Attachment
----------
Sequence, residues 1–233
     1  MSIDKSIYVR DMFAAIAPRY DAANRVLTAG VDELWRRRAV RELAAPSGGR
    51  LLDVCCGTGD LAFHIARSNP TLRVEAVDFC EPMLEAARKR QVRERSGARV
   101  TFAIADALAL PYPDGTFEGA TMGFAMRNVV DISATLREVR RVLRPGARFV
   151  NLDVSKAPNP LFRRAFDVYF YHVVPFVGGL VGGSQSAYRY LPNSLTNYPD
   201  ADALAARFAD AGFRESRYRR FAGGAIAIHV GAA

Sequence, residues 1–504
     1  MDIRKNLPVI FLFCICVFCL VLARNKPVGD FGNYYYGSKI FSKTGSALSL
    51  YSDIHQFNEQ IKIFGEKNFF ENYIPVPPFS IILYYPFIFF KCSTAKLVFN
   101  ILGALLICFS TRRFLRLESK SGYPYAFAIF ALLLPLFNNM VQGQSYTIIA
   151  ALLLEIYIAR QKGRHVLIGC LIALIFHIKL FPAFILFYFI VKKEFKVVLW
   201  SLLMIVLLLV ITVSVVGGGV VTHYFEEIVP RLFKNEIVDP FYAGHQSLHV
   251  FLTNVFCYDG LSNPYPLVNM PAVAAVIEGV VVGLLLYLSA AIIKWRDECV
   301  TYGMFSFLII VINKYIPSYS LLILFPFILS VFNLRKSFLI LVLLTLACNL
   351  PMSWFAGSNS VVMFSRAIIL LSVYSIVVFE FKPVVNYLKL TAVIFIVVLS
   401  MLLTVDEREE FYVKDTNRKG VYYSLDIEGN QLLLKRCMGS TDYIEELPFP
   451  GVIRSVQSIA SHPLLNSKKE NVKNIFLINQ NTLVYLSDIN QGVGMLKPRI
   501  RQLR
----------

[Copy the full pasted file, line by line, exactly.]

Sequence, residues 1–233
     1  MSIDKSIYVR DMFAAIAPRY DAANRVLTAG VDELWRRRAV RELAAPSGGR
    51  LLDVCCGTGD LAFHIARSNP TLRVEAVDFC EPMLEAARKR QVRERSGARV
   101  TFAIADALAL PYPDGTFEGA TMGFAMRNVV DISATLREVR RVLRPGARFV
   151  NLDVSKAPNP LFRRAFDVYF YHVVPFVGGL VGGSQSAYRY LPNSLTNYPD
   201  ADALAARFAD AGFRESRYRR FAGGAIAIHV GAA

Sequence, residues 1–504
     1  MDIRKNLPVI FLFCICVFCL VLARNKPVGD FGNYYYGSKI FSKTGSALSL
    51  YSDIHQFNEQ IKIFGEKNFF ENYIPVPPFS IILYYPFIFF KCSTAKLVFN
   101  ILGALLICFS TRRFLRLESK SGYPYAFAIF ALLLPLFNNM VQGQSYTIIA
   151  ALLLEIYIAR QKGRHVLIGC LIALIFHIKL FPAFILFYFI VKKEFKVVLW
   201  SLLMIVLLLV ITVSVVGGGV VTHYFEEIVP RLFKNEIVDP FYAGHQSLHV
   251  FLTNVFCYDG LSNPYPLVNM PAVAAVIEGV VVGLLLYLSA AIIKWRDECV
   301  TYGMFSFLII VINKYIPSYS LLILFPFILS VFNLRKSFLI LVLLTLACNL
   351  PMSWFAGSNS VVMFSRAIIL LSVYSIVVFE FKPVVNYLKL TAVIFIVVLS
   401  MLLTVDEREE FYVKDTNRKG VYYSLDIEGN QLLLKRCMGS TDYIEELPFP
   451  GVIRSVQSIA SHPLLNSKKE NVKNIFLINQ NTLVYLSDIN QGVGMLKPRI
   501  RQLR